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Could a State Judge Ignore a Supreme Court Decision Upholding Gay Marriage?
I won’t make you wait: the answer is no. But Article IV, section 2 of the Constitution, which spells that out, is apparently no obstacle for Roy Moore, the Chief Justice of the Alabama Supreme Court. On Tuesday, Judge Moore wrote a letter to the Alabama governor saying he would thumb his nose at last week’s federal court ruling that overturned his state’s ban on same-sex marriage. He pledged to do the same if the United States Supreme Court recognizes marriage equality for gays and lesbians when it rules on the issue this June.
Judge Moore’s letter has already drawn an ethics complaint. This isn’t unfamiliar territory for the stubborn jurist. In 2003, Moore was dismissed from the bench after he refused to follow a federal judge’s order to remove a two-and-a-half-ton Ten Commandments monument he had erected in the state courthouse. "To acknowledge God cannot be a violation of the Canons of Ethics,” Moore insisted at the time. “Without God there can be no ethics.” Undeterred, Moore waged two unsuccessful campaigns for governor before running for chief justice again in 2012. The people of Alabama reinstated him to his old seat.
In his latest bout of judicial civil disobedience, Moore opened the letter this way:
“The laws of this state,” Moore went on to write, “have always recognized the Biblical admonition stated by our Lord” that only men and women should “cleave” together as “one flesh.” And Moore cites a secular source for his position as well:
That’s right: Moore cited a Supreme Court case decided over a century ago to solidify his belief that gay marriage is anathema to the Constitution. No mention of United States v Windsor, the 2013 decision striking down the core of the Defense of Marriage Act, a law defining marriage along heterosexual lines. And no acknowledgement that the Equal Protection and Due Process Clauses he pooh-poohed as a source of the right to marriage equality are the exact constitutional phrases the Supreme Court turned to in 1967 when it decided that laws against inter-racial marriage were invalid.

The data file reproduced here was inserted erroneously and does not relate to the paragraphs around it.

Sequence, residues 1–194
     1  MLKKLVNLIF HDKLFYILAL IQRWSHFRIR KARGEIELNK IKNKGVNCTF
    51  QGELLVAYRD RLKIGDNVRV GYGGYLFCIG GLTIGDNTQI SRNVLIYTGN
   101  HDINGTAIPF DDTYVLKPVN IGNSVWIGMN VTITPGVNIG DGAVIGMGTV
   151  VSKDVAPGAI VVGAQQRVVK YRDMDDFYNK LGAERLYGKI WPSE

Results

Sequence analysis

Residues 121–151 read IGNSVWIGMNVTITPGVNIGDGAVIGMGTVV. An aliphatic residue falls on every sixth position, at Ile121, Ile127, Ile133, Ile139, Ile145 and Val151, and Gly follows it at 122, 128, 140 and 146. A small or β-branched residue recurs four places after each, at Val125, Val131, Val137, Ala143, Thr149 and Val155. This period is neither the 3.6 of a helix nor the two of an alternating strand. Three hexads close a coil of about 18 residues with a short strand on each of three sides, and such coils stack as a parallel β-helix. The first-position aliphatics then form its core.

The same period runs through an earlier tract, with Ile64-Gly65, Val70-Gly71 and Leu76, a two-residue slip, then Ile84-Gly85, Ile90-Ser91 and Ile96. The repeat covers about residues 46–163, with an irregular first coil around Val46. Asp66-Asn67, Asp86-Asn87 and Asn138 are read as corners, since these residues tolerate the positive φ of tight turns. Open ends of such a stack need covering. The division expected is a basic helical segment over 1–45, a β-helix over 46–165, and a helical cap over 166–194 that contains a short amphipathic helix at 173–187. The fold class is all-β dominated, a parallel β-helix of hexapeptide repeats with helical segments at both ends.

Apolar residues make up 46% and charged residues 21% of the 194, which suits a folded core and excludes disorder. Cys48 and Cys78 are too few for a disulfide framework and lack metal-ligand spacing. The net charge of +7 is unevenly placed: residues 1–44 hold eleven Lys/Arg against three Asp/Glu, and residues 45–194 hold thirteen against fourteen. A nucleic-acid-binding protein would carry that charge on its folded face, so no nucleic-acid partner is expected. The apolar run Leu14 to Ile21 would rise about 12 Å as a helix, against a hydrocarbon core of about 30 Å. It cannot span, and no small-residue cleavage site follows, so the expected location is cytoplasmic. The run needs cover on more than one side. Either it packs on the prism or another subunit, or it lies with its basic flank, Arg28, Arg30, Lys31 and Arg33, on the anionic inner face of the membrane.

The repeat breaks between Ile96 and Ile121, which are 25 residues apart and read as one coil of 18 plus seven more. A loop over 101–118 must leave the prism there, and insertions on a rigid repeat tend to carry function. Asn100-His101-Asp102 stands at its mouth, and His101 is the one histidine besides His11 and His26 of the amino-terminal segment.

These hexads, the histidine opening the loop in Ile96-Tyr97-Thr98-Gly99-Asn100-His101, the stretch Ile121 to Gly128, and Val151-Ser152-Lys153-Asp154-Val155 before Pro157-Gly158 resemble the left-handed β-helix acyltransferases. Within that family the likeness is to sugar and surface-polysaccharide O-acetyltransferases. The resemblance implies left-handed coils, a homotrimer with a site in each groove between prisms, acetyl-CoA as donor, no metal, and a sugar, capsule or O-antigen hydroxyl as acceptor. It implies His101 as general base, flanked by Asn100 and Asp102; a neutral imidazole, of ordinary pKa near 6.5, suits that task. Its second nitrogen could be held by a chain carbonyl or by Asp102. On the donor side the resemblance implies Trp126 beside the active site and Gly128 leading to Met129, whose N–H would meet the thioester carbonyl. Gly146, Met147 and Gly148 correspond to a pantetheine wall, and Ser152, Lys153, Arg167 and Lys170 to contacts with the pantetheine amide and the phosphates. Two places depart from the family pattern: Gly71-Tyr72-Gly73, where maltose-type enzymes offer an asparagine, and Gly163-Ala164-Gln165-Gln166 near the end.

But the real problem with Judge Moore's adolescent stance has nothing to do with his position on same-sex marriage. The trouble with his letter is, as the Southern Poverty Law Center puts it in its complaint, one of basic insubordination:
Chief Justice Moore has himself taken an oath to uphold the federal constitution, even if there are other sources of authority he agrees with or prefers. This is simply “Constitutional Law 101”—a principle that every first-year law student at every law school in every state in the Union would grasp instantly. Chief Justice Moore’s express rejection of this foundational principle evidences either a lack of faithfulness to a principle of law that is beyond dispute or an utter lack of competence that renders him subject to discipline.
If Moore's reaction to the federal court ruling is an early taste of how conservative states will respond to a possible Supreme Court decision this summer providing gays and lesbians across the country with a right to wed, we are in for some tumult in the years ahead. Judge Moore may have more chutzpah than the average cranky state official, but he is not, apparently, the only one with plans to try to scuttle a gay-friendly Supreme Court ruling. One would hope that however the justices rule in June, everyone will keep a copy of the Constitution close at hand.
Image credit: Shutterstock.com
Innovation in manufacturing has crawled since the 1950s. That's about to speed up.
Health officials in China reported that a man was infected with bubonic plague, the infectious disease that caused the Black Death.
- The case was reported in the city of Bayannur, which has issued a level-three plague prevention warning.
- Modern antibiotics can effectively treat bubonic plague, which spreads mainly by fleas.
- Chinese health officials are also monitoring a newly discovered type of swine flu that has the potential to develop into a pandemic virus.
Bacteria under microscope